>
> Hello,
>
> We are investigating using message groups as a technique to insure "in
> order" processing of various IDs.   In the past (2010), I have found posts
> mentioning that more than 1024 message groups will trigger an overflow for
> the default implementations.
> http://scott.cranton.com/2010/09/activemq-message-groups.html
>
> I can't find anything specific that is newer on the topic except "there
> could be a massive number of individual message groups we use hash buckets
> rather than the actual JMSXGroupID string."     The word "massive" is
> ambiguous and relative.   Say we are using social security numbers as our
> IDs and have millions of customers.     Is 2 million records going to be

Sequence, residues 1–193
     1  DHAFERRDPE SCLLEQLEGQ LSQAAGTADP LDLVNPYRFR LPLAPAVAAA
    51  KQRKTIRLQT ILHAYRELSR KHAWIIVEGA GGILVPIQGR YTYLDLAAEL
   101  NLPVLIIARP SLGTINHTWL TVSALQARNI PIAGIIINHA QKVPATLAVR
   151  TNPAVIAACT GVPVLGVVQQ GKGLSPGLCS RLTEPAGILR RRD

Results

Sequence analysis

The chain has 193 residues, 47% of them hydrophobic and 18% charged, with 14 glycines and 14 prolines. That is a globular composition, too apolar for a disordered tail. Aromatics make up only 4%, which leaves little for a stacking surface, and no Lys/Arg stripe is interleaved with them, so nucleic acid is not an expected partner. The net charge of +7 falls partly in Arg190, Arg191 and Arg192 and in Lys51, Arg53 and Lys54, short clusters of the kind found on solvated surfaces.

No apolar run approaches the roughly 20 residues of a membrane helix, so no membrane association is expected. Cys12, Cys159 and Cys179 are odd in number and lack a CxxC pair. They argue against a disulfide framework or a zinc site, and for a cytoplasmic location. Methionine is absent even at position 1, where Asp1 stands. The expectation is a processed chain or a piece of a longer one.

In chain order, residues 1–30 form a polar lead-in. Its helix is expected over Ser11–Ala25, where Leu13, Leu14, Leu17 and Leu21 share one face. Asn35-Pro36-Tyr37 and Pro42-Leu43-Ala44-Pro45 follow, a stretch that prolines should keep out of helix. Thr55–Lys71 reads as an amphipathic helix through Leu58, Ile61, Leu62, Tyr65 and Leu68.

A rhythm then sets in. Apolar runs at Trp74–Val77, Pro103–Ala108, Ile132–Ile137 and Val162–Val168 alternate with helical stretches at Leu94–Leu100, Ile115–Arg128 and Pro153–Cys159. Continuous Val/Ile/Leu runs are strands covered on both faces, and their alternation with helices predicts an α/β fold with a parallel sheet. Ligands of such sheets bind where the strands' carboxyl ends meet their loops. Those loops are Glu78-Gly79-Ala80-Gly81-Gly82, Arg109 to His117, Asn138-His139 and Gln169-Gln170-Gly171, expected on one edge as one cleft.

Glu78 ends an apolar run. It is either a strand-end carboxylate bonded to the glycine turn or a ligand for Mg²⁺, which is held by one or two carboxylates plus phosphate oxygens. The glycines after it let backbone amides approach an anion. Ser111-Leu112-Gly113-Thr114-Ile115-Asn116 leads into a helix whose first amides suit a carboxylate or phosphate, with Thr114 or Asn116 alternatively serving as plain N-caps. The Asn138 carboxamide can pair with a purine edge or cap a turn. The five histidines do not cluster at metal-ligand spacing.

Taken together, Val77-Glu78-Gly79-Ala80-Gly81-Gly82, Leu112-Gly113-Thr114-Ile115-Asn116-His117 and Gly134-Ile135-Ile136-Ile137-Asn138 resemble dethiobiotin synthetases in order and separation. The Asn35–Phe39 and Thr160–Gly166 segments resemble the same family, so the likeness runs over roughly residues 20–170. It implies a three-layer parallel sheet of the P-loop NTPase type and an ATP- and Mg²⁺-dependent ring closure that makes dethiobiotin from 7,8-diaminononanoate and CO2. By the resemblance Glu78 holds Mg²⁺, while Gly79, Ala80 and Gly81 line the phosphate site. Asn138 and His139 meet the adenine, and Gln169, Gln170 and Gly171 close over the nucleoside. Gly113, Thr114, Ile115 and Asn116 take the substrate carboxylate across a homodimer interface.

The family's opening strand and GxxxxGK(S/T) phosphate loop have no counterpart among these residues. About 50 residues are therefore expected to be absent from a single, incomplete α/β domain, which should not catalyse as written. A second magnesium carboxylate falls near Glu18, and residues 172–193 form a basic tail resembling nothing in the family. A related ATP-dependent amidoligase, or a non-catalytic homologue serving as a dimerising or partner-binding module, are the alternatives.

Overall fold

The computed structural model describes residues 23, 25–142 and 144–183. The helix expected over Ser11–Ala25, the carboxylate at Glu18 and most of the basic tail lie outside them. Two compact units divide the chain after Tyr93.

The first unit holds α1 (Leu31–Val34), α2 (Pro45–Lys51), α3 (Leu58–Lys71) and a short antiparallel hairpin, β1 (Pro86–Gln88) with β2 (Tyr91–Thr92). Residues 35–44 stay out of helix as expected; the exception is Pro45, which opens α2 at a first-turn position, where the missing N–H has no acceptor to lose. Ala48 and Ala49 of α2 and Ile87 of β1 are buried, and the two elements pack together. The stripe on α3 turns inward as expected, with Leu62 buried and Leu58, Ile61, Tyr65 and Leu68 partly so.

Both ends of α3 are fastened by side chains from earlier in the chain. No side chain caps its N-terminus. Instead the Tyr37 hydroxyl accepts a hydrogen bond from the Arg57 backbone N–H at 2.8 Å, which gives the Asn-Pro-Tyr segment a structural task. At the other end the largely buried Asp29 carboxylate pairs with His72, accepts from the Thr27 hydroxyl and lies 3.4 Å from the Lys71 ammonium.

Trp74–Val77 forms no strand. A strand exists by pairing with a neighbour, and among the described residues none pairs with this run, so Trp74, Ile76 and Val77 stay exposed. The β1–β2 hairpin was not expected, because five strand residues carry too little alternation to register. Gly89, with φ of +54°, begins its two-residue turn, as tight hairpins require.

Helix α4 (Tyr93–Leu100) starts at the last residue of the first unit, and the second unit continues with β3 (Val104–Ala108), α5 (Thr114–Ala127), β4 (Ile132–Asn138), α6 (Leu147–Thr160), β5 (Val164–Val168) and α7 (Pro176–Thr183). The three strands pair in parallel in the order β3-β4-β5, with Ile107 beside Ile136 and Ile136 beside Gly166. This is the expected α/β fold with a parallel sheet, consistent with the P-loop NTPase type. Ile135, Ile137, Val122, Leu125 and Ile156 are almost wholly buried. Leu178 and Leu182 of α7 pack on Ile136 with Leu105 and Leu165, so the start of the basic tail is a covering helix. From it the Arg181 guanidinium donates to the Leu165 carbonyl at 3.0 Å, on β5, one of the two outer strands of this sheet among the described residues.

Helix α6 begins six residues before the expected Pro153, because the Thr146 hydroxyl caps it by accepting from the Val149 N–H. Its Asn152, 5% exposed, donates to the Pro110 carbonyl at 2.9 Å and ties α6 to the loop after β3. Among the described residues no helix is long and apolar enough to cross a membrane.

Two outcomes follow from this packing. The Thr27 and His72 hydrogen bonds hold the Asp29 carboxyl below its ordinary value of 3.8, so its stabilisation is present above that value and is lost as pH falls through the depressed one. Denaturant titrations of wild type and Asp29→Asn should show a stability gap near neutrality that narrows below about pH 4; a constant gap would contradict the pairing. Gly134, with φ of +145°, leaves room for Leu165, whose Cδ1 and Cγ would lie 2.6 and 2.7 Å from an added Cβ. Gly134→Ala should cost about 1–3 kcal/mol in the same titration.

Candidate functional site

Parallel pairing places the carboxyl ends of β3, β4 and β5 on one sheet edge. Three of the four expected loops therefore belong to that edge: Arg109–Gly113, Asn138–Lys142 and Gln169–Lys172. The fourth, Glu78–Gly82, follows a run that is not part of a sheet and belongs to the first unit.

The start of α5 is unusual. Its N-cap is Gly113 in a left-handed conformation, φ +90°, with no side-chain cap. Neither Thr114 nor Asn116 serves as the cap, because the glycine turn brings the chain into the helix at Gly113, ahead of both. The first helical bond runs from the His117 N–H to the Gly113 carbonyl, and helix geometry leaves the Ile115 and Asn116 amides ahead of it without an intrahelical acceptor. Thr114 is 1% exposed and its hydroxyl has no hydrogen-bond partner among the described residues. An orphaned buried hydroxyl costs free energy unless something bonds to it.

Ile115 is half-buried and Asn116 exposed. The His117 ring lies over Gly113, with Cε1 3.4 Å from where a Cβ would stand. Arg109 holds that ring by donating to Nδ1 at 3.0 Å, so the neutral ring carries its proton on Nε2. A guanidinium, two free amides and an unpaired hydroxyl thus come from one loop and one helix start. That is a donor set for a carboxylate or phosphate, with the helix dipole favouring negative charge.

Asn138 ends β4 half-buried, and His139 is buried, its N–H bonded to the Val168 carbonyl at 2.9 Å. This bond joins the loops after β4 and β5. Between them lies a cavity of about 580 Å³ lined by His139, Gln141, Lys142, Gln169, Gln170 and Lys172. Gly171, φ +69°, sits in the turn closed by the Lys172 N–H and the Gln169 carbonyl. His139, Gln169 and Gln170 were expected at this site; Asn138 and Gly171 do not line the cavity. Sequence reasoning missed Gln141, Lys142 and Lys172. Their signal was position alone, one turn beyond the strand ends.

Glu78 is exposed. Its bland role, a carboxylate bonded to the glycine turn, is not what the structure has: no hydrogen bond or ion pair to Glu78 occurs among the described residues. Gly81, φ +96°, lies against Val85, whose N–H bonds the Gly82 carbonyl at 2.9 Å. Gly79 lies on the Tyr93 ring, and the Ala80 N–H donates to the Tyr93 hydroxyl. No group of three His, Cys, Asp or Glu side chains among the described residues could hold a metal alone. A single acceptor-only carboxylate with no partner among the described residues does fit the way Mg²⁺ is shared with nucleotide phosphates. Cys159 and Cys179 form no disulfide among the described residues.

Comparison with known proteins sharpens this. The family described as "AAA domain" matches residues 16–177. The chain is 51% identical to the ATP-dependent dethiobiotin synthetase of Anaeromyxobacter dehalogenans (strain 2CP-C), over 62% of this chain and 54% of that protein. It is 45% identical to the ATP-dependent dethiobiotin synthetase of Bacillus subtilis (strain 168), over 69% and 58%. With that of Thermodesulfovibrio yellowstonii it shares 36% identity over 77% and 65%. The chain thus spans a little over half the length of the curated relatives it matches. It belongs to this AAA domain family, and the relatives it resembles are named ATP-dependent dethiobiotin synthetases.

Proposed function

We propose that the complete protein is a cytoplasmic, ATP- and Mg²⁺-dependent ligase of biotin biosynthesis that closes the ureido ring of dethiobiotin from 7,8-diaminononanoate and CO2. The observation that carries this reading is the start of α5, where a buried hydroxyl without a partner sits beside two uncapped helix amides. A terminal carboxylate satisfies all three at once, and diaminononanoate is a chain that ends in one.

> supportable by default?
>
> I also understand hashmaps pretty well.   I don't understand what is meant
> by using "hash buckets" rather than the JMSXGroupID string.     In a usual
> hashmap implementation a bucket would store a certain number of hashed
> keys.
> What does it matter if the key is stored or a hashed key is stored, and
> what
> is the relation to the bucket?
>
> Thanks in advance.
>
> Derek
>
>
>
> --
> View this message in context:
> http://activemq.2283324.n4.nabble.com/Message-Group-Limitations-how-many-simulataneous-groups-are-supported-tp4706412.html
> Sent from the ActiveMQ - User mailing list archive at Nabble.com.
>
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Re: Message Group Limitations (how many simulataneous groups are supported?)

artnaseef
In reply to this post by derek_mlist
The default Message Group Map implementation was recently changed to use an LRU Cache of message groups.